Although he was mocked in the press, his manager said, “Willie is earning vastly more now than at the peak of his notoriety”. About his reputation, he added, “Let’s face it. Willie as a raver was a never-wasser”.

In 1982, Willie married Sheila and they had 41 happy years together.

In the 1990s, Willie made a Campari advert alongside gangster ‘Mad’ Frankie Fraser. The company were trying to alter their image away from being a “girlie drink”.

In 1999, a CD of all his singles was released. The following year he made an Ian Dury tribute album ’20 Reasons to be Cheerful’.

In 2001, he appeared in the Comic Relief (Red Nose Day) video of Hale and Pace’s ‘The Stonk’.

This led to another album, ‘Rag Moppin’(2003), performing alongside the Alabama Slammers.

In 2005, he was the mystery guest on TV’s ‘Never Mind the Buzzcocks’. His identity was guessed immediately.

His final TV appearance came in 2011 when he was interviewed by Melvyn Bragg on the ‘Reel History of Britain’, discussing the influence rock ‘n’ roll had on the country.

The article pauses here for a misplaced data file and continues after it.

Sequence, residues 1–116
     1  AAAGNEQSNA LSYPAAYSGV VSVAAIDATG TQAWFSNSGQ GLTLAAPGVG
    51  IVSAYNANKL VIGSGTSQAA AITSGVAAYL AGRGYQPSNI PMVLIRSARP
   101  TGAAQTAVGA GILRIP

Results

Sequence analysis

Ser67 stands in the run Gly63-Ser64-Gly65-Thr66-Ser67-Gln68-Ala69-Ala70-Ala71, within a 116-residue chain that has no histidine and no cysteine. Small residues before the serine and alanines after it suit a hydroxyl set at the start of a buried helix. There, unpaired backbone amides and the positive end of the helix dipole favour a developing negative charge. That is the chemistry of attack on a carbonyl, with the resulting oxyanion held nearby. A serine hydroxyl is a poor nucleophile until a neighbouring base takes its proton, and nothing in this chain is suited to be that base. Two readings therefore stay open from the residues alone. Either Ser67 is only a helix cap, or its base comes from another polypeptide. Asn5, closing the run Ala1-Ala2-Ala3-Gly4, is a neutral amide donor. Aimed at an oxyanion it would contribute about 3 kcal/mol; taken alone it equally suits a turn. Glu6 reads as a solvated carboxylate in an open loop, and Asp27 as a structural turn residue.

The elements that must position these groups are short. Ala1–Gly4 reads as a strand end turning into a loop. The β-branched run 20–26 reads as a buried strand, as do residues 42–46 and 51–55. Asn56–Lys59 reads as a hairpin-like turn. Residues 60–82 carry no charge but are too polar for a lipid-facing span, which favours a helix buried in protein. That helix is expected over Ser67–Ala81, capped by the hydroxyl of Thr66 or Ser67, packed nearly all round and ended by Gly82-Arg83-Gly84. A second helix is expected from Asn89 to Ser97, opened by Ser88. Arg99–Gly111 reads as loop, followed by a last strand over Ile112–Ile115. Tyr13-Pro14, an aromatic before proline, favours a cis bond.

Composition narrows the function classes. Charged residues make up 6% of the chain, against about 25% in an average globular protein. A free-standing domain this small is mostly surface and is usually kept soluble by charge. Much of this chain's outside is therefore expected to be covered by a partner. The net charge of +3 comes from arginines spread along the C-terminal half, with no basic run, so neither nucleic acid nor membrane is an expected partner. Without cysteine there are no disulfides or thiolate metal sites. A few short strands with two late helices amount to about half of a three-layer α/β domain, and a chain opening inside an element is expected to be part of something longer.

Rob Finnish wrote a biography about him entitled ‘I Go Ape’ (2018), which had an accompanying 30-track CD with all his best songs on it.

He was asked if he had any regrets and said, “I could have made better records with a better band. The record company made me have an 18-piece band. You don’t need an 18-piece band for rock ‘n’ roll”.

Willie wondered if his pink hair had helped or hindered him. It certainly got him noticed but did it stop him from being taken seriously, becoming almost a novelty act?

He was undoubtedly Britain’s first rock and roll star.

When he died, Sheila said, “He was a lovely man…a lovely husband. But it was music all the way with him. He could still sing right up to the end and was always a perfect gentleman”.

His bandmate Tony Thorpe said, “Willie was a brother, father, teacher, therapist and friend to me and I miss him dreadfully. God bless you guv, as I’m sure he is doing”.

RIP – Rocking Image = Pink

Then and now (courtesy Quern Entrevistas Globo)